Making an original horror film is no easy task. As far as the genre and production companies are concerned, it's all been done before. As a result of this defeatist attitude, horror films are constantly re-made: Halloween, The Last House On The Left, and Nightmare on Elm Street to name a few. Even original ideas are often pastiches from horror films of the past. When I attended the Toronto premiere of Daniel Stamm's The Last Exorcism, I expected to see a version of The Exorcist in the style of The Blair Witch Project. The use of the hand-held, shaky camera borrowed from documentaries is popular in the horror genre right now; it pleases the new generation of reality-tv-obssessed, YouTube followers. Cue a demon, and you've got a cliché horror film.
However, I should have known better, because when Eli Roth (produced The Last Exorcism) has anything to do with a film, we can only expect the unexpected. Roth has been keeping spectators on their toes ever since his debut feature, Cabin Fever - gore and blood were non-stop until the end of the film, which wrapped up in humour and made light of a terrible tragedy. As an actor, Roth surprised us in Tarantino's Inglourious Basterds when his character, the Bear Jew, mowed down Hitler with gunfire. In this tradition of the unexpected, The Last Exorcism did not disappoint its audience. There are plenty of unexpected twists and turns, right up until the credits roll.
The film begins with an introduction to Reverend Cotton Marcus (Patrick Fabian), a preacher who has been questioning his faith. His son was born prematurely, and Cotton depended on doctors to save his son's life, rather than the big man upstairs. Cotton Marcus is participating in this “documentary” because he wants to expose the church's practice of fraudulent exorcisms. Cotton is going to perform his last exorcism on camera to expose the truth. Fabian does a wonderful job as Cotton Marcus. He is clever, funny, and so charismatic that he can recite a passage about banana bread during his sermon, and the crowd yells 'amen'! As spectators, we warm up to Cotton almost instantly, and we're on board with whatever he wants to do, and wherever he wants to take us, including an old farm house set deep in Louisiana, to perform his last exorcism. Sure, why not?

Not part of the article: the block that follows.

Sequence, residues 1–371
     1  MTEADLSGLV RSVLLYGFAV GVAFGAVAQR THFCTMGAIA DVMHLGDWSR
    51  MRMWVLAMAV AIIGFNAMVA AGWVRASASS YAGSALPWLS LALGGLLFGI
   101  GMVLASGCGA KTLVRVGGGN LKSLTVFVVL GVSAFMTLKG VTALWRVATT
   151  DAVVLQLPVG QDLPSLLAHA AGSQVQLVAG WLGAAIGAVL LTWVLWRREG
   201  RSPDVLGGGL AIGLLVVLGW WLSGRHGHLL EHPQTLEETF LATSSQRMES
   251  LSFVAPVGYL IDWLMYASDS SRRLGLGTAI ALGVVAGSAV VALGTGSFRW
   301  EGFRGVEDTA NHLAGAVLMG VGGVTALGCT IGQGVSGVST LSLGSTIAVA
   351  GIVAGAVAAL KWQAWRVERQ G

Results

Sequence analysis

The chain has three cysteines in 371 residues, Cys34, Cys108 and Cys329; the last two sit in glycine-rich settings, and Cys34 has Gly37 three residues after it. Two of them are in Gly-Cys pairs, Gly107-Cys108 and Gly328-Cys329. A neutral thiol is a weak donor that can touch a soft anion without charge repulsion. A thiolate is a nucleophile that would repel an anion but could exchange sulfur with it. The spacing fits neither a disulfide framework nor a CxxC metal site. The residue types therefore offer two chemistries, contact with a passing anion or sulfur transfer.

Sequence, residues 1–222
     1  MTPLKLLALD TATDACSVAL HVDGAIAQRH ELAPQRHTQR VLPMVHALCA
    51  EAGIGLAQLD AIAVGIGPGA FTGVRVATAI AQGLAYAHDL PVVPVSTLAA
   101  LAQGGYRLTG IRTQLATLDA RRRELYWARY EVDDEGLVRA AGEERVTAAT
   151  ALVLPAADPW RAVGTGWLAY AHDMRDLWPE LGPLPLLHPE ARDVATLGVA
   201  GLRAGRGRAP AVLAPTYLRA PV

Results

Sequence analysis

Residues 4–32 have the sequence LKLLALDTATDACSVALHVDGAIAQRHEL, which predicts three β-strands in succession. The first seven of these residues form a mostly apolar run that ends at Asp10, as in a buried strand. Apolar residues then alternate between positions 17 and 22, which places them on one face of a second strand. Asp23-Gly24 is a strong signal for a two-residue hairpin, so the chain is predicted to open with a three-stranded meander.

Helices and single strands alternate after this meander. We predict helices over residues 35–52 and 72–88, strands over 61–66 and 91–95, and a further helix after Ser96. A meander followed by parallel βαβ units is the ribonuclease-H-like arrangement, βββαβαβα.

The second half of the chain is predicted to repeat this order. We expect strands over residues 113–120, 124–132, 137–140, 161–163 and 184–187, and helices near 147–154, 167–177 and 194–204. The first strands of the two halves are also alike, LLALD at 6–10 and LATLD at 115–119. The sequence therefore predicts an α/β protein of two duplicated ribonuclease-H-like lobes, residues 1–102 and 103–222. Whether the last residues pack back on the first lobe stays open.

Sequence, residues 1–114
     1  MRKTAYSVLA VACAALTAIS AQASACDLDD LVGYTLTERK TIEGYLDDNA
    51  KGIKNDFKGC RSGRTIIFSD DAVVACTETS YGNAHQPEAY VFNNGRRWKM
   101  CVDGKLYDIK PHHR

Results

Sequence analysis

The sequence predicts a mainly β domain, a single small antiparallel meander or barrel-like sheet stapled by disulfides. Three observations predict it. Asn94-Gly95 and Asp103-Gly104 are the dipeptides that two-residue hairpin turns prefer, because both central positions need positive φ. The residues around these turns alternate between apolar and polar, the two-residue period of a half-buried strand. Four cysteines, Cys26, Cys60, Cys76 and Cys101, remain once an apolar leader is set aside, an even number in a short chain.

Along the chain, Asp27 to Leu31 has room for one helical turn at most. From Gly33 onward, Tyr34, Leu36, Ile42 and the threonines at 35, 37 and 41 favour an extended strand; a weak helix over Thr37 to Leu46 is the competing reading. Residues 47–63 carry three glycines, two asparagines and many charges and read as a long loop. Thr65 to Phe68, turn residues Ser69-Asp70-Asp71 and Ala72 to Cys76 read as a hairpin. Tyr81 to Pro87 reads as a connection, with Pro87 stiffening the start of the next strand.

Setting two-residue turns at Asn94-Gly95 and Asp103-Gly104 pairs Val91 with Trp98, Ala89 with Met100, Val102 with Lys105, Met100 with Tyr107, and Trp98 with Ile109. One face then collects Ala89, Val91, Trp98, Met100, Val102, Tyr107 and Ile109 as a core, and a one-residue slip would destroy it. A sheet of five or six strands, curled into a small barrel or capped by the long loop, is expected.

When he arrives on the farm of Louis Sweetzer, Cotton expects to perform just another routine “exorcism” on a troubled religious fanatic. Sweetzer is certain his teenage daughter Nell (Ashley Bell) is possessed by a demon who must be exorcized before their family suffers unimaginable tragedy. Upon arriving at the household, it is clear that nothing could have prepared Cotton and his film crew for the evil they encounter. Too late to turn back, Cotton's own beliefs are challenged when he must save Nell, and himself, before it is too late.
The Last Exorcism plays with it's audience - we're never sure whether Nell is possessed by a demon, or if she suffers from deep, psychological trauma. We must fear the unknown, and we cannot be sure of anything. The film is not just another re-hash of The Exorcist, where we could take comfort in the fact that Ragan was undoubtedly possessed, and confined to her room when the going got tough. Nell is not chained to her bed - she is able to roam free around the farm. Director Stamm did a great job of directing his cast - Ashley Bell's ability to contort her own body, and bend backward without the help of computer-graphic imaging is astounding and frightening on it's own.
The Last Exorcism will keep you engaged until the very end - and the ending itself will shock, confuse, and surprise you (would you expect anything different from Eli Roth)? During the Q&A with the cast after the film, Roth stated that it was important for the film to end (a sequel is not in the works), and discussion to begin. The film definitely lends itself to discussion and further questioning, even of your own faith. Perhaps in God and the Devil, but certainly in the horror genre and the inventive approach of The Last Exorcism.